Extra-abdominal desmoid-type fibromatosis

Case contributed by Dr Eid Kakish

Presentation

Painless palpable right hip lump discovered incidentally on urinary tract CT scan for investigation of ureteric colic.

Patient Data

Age: 25 years
Gender: Female

Significant asymmetry is noted between outer aspects of the right and left proximal thighs.

An ill-defined lobulated mass is seen closely related to the right proximal iliotibial tract, abutting the adjacent gluteus medius and maximus with obliteration of the intervening fat planes. It appears slightly hypodense to the adjacent muscles, with multiple hyperattenuating intralesional streaks. The subjacent bony structures are intact.

There is a large oblong lobulated infiltrative soft tissue mass in the outer aspect of the proximal right thigh, predominantly centered in the proximal superficial fibers of the right iliotibial tract and invading the adjacent gluteal aponeurotic fascia and overlying superficial fascial layer. 

It demonstrates a predominantly isointense signal on T1WI, corresponding to a heterogenous high signal on T2WI and a hyperintense signal on PD with an intense heterogenous pattern of enhancement on T1 C+. Mild edema and contrast enhancement in the outer portions of the right gluteus medius muscle and intermuscular soft tissues.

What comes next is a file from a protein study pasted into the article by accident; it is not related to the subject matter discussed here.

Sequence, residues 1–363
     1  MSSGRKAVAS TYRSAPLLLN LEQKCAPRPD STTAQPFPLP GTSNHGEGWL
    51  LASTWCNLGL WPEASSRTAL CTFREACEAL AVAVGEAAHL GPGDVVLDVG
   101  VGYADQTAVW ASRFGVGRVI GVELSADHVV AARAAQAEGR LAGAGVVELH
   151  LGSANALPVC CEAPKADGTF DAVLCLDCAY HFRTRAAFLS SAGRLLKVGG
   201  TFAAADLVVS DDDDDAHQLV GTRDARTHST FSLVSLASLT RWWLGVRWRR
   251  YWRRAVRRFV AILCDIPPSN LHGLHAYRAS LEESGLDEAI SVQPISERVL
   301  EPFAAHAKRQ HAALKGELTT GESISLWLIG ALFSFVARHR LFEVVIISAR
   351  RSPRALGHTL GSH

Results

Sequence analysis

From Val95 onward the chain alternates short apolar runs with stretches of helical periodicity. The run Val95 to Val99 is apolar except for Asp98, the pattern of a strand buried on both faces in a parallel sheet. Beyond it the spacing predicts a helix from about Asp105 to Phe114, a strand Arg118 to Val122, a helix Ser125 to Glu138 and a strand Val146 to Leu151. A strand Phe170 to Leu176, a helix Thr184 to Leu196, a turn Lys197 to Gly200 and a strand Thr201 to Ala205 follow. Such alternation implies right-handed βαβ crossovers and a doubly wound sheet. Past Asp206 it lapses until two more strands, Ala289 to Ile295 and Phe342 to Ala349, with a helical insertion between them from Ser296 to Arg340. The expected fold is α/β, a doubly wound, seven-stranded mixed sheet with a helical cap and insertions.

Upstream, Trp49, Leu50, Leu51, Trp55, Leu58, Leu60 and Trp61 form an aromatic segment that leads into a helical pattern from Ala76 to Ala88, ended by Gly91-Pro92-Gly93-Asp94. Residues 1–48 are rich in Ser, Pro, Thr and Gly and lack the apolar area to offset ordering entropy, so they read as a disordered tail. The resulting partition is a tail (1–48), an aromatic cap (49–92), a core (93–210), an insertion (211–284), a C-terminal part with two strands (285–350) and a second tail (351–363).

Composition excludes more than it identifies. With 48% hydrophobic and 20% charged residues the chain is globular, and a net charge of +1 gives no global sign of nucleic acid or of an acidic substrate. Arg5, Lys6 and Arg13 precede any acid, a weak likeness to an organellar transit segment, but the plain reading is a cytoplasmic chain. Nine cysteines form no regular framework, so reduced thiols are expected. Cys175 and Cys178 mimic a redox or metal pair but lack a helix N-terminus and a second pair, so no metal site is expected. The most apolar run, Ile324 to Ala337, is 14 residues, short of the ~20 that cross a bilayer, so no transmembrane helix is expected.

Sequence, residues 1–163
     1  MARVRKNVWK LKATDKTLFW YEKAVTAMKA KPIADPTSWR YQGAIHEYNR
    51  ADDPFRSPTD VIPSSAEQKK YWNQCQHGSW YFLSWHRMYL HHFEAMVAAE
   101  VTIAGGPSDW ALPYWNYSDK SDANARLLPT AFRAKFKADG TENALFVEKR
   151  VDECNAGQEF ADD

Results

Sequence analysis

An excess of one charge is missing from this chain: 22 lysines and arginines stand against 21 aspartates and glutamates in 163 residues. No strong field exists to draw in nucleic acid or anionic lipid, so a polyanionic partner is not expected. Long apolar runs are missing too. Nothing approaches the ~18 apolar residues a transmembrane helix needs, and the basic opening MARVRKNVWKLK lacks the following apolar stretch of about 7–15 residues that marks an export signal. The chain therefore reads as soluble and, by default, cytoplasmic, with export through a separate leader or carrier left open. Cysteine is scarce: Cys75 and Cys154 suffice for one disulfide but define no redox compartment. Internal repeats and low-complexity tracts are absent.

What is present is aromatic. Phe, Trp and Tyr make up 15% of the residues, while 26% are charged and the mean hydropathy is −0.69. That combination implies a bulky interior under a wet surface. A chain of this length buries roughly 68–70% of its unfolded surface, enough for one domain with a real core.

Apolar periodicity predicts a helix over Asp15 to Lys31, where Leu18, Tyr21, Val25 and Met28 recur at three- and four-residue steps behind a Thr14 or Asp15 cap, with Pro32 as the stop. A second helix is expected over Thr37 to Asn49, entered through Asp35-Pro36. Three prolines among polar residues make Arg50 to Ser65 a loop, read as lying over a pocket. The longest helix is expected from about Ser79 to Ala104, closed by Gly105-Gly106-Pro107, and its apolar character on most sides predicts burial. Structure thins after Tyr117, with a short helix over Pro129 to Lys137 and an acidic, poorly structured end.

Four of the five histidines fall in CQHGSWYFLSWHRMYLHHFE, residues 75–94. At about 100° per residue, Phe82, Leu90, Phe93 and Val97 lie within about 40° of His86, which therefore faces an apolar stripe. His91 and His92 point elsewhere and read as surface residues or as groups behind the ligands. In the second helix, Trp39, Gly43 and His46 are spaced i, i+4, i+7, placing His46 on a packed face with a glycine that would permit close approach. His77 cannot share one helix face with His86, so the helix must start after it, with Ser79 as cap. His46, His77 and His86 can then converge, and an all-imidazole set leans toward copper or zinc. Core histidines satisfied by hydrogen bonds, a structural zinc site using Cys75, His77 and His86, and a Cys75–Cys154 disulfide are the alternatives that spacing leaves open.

Multiple curvilinear intralesional bands are present, demonstarting a hypointense signal on all sequences with no appreciable contrast enhancement, strongly suggesting internal fibrous tissue.

Impression:

Aggressive fibrous tumor of the right proximal thigh, invading the adjacent iliotibial tract, gluteal aponeurotic and superficial fascia. 

There is a lobulated proximal right thigh mass with a low Standard Uptake Value (SUV) of less than 2.5, particularly in its periphery, centered in the right iliotibial band. 

Patient underwent surgical excision.

Histopathology: Right hip soft tissue mass positive for SMA and β-catenin.

Final diagnosis: Fibromatosis (Desmoid tumor), incomplete excision.

Case Discussion

Desmoid fibromatosis (DF) may be sporadic or familial in nature. Patients with familial adenomatous polyposis and Gardner syndrome are at an increased risk of developing desmoid tumors.

DF may be sporadic or familial in nature. Familial cases usually develop intra-abdominal or abdominal wall tumors, contrasted to the sporadic cases, which usually tend to develop aggressive extra-abdominal desmoids. 

The etiology is not well understood, believed to be related to various genetic or hormonal factors, as well as previous trauma and surgery.

Aggressive fibromatosis usually originates from muscular connective tissues, aponeurosis or fascia, such as in this case. 

They are benign locally aggressive tumors with no metastatic affinity. Given their infiltrative aggressive nature, incomplete surgical resection is a common problem, resulting in high local recurrence rates. 

FDG PET/CT does not particularly aid in differentiating malignant from benign soft tissue tumors. Desmoid tumors may show variable degrees of uptake.

 

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